It’s always a really good day for me when I get to show CityWalk to someone. I do this pretty often. Sometimes it’s a possible funder; sometimes it’s a community partner; sometimes I’m trying to sell or lease space and sometimes it’s just somebody that asked. Now, with the demolition completed, temporary power and a lift to the fifteenth floor, it’s pretty easy. But it wasn’t always that way.
Living in the big city (which Dallas is to me), you can get blasé. When there are dozens of taller buildings, then a fifteen-story building doesn’t seem so large, at least from the outside. But when you get inside the building and start looking around, then you realize that a high rise building is an incredible expression of human ingenuity. You also realize that it’s big and tall—especially if you’re going to the top.
When we first owned the building there were no lights and the elevators didn’t work. If you wanted, or needed, to get to the roof of the building then you had to climb fifteen stories of stairs (actually sixteen since the first floor is double height) in the dark. That’s a pretty daunting task unless you are young and in good condition (I’m neither).
The main stairway is in the center of the building and without lights you had to depend on a flashlight to make your way. When I was in the building alone, which happened occasionally, I always made sure to take at least two flashlights, sometimes three, and my cell phone. A flashlight going out or spraining an ankle could have had serious consequences. It was like caving.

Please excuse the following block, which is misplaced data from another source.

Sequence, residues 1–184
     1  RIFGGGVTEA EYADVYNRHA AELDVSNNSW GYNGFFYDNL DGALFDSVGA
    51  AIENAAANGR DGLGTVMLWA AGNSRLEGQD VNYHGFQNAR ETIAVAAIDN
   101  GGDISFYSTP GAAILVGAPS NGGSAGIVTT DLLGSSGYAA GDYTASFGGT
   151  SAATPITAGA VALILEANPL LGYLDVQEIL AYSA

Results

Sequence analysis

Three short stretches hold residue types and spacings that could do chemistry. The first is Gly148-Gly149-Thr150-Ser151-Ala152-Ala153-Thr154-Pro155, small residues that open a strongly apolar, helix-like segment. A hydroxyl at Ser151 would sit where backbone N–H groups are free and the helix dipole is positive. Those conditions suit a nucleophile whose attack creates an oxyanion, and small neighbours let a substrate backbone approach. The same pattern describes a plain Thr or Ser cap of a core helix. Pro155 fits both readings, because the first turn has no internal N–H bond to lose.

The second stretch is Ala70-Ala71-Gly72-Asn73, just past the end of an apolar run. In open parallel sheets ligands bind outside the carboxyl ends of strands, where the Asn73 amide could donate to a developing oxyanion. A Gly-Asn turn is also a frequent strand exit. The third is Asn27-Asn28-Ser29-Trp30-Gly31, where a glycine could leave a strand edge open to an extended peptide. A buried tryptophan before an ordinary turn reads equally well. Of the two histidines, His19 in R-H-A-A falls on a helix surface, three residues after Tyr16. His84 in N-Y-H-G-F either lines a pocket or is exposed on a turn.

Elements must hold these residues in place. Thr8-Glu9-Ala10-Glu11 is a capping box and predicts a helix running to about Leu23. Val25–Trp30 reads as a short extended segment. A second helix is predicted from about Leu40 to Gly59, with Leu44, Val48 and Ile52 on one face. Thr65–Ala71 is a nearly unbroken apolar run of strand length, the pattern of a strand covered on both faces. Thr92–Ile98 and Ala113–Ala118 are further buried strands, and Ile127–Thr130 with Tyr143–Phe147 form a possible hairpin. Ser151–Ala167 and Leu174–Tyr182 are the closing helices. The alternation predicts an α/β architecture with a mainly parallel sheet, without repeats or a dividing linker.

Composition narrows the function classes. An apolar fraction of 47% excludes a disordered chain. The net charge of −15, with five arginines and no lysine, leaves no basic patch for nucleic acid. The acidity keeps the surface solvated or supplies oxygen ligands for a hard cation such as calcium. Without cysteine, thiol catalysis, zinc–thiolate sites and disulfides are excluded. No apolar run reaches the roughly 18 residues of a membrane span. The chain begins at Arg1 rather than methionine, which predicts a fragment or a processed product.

The higher you climbed, the easier it was to get disoriented as to the floor you were on. And while every floor was laid out a little differently, if you lost count it wasn’t always easy to figure out what floor it was. Finding a specific place in the building was like solving a labyrinth. Cryptic signs to long gone tenants were your only clue.
Finally, you would reach the 14th floor. For reasons we never found out, the previous owner had cleared this floor so it was open and light. It was almost impossible to resist going over to the west windows to see the view (and catch your breath). The whole city is laid out before you. The Trinity River, Old Red (the old Dallas Courthouse), most of Oak Cliff and West Dallas are in view. To the north you can see Victory, the American Airlines Arena and Uptown.
Catch your breath, then climb the final two stairs to the roof. Out on the roof the wind will be blowing and the sun shining. Even at only fifteen stories, you tower above the city. Now the views open out in all directions and you look down on roof top gardens and pools. Now you can see the life of the city from an entirely different perspective.